Bitter Pill

With Stone Sour, Slipknot frontman Corey Taylor gives modern rock a wake-up call.

92.3 Xtreme's Nitemare Before X-Mas, featuring Stone Sour, Sevendust, Chevelle, and others The Agora Theatre, 5000 Euclid Avenue 7 p.m. Friday, December 13, 216-241-5555. The show is sold out.
Slip sliding away? Corey Taylor is the second Slipknot - member to start a new band.
Slip sliding away? Corey Taylor is the second Slipknot member to start a new band.

"'N Sync is one of the most popular bands on the planet. How does that happen in a free society, for fuck's sake?" fumes Slipknot vocalist Corey Taylor. Even though his other band, Stone Sour -- which makes its Cleveland debut this Friday -- released a ballad as its first single, Taylor is plenty pissed about the state of the modern pop-rock marketplace.

His rage is channeled in a slightly more mainstream direction these days, though. Stone Sour's self-titled debut is one of the best melodic hard rock albums of the last decade, and it's finding listeners.

"Coming from a band like Slipknot, the novelty factor is obvious -- 'Oh, let's see what this is,'" Taylor snorts. "But the music and the material is strong enough that there's a whole fuckin' audience out there right now that was looking for an album like this." That audience isn't just made up of Slipknot fans either. "There's a legacy that's been killed by this fast-food mentality that's in music right now," Taylor explains, "and that's setting up a career based on doing as much music as possible and doing it well. This isn't just an album targeted toward singles. Half these songs we wrote a long time ago, and half we wrote just because we wanted to write music like that again. And I think that shows."

Indeed, the band's enthusiasm is evident: Stone Sour has been touring the country nonstop since the album's release in August. More important, the group is doing it at ground level. Slipknot plays arenas; Stone Sour plays clubs. Sometimes this can be a problem. The band had to replace drummer Joel Ekman early in the tour after he was injured at a particularly low-rent beer barn.

"We were in Toledo, at this place called the Hard Hat," Taylor explains, "and the place had no code. It was fucked up. They had two trailer beds pushed together; that was the stage. No railing in back, no fluorescent tape: It was brutal. So they blacked the stage out when I was doing 'Bother,' the drummer took one step back, fell four and a half feet, fractured his wrist, and fucked his knee up. He's back now, but we had Jimmy DeGrasso from Megadeth filling in for us, and he did a really good job."

Ah, "Bother." The sensitive ballad that's been Stone Sour's opening salvo to the world -- at least as far as mainstream radio's concerned. It sneaked out early, via the Spider-Man soundtrack, and radio picked up on it with almost no encouragement from the band or the label. "We didn't want to tell them to stop," Taylor says. But the song is nothing like the rest of the disc, about which Taylor makes no bones. "Anybody who buys the record thinking that everything sounds like 'Bother' is in for a treat," he says, laughing.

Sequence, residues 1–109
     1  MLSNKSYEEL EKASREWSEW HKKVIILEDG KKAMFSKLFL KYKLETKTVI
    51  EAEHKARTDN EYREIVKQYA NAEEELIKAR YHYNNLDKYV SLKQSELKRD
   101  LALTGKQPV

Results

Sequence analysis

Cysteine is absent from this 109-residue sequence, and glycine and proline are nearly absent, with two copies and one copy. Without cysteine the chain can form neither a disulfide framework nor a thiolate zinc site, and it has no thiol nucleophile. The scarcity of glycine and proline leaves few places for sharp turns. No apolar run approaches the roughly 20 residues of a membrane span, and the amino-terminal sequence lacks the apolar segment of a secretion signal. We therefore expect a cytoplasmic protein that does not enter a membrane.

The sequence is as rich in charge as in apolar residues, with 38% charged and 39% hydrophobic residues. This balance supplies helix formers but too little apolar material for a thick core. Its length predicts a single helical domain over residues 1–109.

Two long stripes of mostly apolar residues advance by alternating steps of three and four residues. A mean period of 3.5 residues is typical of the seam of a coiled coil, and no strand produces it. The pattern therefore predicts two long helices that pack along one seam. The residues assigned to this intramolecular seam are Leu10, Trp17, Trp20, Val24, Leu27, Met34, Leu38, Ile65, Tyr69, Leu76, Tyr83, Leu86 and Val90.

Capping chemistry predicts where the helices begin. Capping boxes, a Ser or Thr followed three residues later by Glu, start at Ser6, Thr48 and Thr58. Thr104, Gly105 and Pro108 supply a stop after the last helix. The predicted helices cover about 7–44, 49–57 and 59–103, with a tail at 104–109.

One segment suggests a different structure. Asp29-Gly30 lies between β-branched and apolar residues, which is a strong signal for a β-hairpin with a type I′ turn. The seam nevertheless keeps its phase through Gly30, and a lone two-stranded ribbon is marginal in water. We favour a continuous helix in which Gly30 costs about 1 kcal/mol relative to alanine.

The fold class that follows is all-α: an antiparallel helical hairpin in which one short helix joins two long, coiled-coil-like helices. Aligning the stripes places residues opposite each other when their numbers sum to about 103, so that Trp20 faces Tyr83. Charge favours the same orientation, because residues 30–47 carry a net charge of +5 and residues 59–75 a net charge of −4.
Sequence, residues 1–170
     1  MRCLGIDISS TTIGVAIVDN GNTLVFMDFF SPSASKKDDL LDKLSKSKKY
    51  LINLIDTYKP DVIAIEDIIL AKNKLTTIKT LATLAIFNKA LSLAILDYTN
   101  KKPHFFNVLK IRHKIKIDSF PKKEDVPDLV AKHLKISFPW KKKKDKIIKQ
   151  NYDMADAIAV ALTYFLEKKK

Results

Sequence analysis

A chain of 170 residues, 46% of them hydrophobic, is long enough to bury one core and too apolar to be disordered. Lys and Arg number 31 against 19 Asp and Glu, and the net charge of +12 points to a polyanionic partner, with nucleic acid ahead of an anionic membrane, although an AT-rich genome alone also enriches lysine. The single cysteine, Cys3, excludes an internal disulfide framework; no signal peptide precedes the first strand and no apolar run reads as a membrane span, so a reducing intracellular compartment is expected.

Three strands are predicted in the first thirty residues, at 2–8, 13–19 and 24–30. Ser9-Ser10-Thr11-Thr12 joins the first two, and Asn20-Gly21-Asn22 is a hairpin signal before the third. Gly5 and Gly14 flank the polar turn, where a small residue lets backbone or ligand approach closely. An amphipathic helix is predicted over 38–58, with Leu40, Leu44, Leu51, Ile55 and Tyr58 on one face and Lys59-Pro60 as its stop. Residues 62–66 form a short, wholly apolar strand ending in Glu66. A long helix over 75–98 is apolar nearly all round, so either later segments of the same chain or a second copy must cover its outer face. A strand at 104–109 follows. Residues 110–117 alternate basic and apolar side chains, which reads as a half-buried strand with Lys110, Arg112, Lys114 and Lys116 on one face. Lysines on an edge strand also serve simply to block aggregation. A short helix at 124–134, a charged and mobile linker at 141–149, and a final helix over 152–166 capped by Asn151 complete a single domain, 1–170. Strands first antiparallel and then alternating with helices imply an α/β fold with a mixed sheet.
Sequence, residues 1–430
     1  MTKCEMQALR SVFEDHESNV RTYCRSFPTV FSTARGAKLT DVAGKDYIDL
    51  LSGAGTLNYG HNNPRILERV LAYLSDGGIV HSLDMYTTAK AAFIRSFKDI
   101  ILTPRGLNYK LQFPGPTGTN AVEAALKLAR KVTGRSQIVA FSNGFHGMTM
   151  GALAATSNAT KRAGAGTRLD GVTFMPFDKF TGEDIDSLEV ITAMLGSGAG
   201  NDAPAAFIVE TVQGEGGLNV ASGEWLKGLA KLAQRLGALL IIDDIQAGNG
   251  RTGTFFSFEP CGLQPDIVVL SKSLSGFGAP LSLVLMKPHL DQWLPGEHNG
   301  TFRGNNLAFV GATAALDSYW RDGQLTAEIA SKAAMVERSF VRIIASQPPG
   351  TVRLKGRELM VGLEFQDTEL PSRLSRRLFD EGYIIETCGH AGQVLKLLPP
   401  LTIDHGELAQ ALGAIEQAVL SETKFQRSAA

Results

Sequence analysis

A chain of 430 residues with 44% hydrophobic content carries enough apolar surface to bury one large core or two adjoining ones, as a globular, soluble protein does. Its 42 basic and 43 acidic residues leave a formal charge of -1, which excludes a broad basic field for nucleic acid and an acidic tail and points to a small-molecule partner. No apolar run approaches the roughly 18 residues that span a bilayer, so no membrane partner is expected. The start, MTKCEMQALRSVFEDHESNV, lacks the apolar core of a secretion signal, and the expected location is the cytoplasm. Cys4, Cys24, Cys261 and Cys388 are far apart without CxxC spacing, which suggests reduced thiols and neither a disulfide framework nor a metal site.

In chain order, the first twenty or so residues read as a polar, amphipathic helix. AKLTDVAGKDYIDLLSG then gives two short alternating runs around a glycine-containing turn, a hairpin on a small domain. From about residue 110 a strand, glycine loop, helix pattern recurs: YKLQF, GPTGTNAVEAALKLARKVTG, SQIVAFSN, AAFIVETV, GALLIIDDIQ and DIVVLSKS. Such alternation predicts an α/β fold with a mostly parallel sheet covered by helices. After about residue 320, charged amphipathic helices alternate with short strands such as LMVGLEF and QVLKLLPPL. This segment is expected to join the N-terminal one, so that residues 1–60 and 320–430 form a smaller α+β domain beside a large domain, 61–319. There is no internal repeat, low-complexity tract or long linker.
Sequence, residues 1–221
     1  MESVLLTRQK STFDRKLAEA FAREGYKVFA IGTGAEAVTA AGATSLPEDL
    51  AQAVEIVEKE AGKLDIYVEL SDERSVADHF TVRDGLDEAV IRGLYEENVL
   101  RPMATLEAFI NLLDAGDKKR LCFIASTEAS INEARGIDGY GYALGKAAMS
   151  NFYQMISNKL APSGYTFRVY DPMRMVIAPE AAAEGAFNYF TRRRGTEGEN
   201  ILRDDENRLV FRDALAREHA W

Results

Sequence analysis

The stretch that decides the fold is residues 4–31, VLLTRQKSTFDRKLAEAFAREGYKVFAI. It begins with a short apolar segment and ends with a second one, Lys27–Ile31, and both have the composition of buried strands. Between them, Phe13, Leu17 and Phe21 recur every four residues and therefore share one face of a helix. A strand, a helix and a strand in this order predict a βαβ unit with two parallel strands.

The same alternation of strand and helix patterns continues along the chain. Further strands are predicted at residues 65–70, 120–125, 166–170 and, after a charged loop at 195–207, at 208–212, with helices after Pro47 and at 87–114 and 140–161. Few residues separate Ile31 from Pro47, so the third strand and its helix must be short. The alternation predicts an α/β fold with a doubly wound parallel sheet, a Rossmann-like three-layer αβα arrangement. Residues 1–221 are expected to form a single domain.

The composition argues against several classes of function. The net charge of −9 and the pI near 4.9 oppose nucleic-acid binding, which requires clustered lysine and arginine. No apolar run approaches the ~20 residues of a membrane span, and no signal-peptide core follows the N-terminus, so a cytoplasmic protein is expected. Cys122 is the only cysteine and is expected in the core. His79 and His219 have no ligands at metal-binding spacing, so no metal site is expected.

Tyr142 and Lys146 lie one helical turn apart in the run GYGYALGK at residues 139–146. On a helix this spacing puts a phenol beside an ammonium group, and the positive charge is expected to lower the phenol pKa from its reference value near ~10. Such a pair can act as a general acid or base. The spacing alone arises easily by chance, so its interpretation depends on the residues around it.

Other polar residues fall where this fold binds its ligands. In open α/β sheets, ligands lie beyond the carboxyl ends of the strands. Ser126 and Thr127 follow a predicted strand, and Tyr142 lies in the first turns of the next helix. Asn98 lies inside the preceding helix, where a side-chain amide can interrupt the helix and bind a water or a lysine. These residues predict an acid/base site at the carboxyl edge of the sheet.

True to Taylor's words, the rest of Stone Sour is one fast-burning, guitar-heavy rock track after another. One of the most ferocious is "Tumult," the last piece of music on the disc and a fusion of thrash and, of all things, disco that would make KMFDM cower. But the first five cuts -- "Get Inside," "Orchids," "Cold Reader," "Blotter," and "Choose" -- tear by in a solid mass of huge drumbeats and crushing guitar riffs. It's one of the most solid openings to a major rock album since, well, Slipknot's 1999 debut.

And what about Slipknot anyway? Taylor obviously isn't hiding the fact that the masked nine-piece ensemble is his first home. But when it comes to Stone Sour, he also makes clear that "we're in this for the long fuckin' haul. Everybody asks me, 'Is this a side project?' No, this isn't a side project. This is an actual band with an actual agenda."

Still, at some point, Taylor's got to return to the Leatherface headgear and coveralls, and record another album with what's still, from a commercial standpoint, his main gig.

Just not right now.

"I'll be honest," he says. "There's a lot of negativity surrounding Slipknot. And a lot of it, we did to ourselves. We really kind of kicked our own asses, in a way. I am totally ready to go and do another Slipknot album, but I'm not going to do it until this album plays itself out. If you're out there selling 50,000 albums a week, and you have the opportunity to do a huge fuckin' tour with a couple of bands that kick ass, then why wouldn't you? The kids are gonna be there, and they're gonna want the album no matter what. So why not take the time and set up something else, and do both? There really hasn't been any negativity towards us from [the rest of Slipknot]. Paul's really into it, Chris is really into it, and those guys have come to the shows and hung out and shit, but it's one of those things where we'll see what happens."

What's likely to happen, frankly, is the implosion of Slipknot and the continued voyage of Stone Sour. Even Taylor recognizes this, on some level.

"Stone Sour's got a little more longevity than Slipknot does, just because it's more than the music with Slipknot," Taylor says. "There's a whole different mentality there. And if you overstay your welcome, it's gonna turn on itself."

And become bothersome, in other words.

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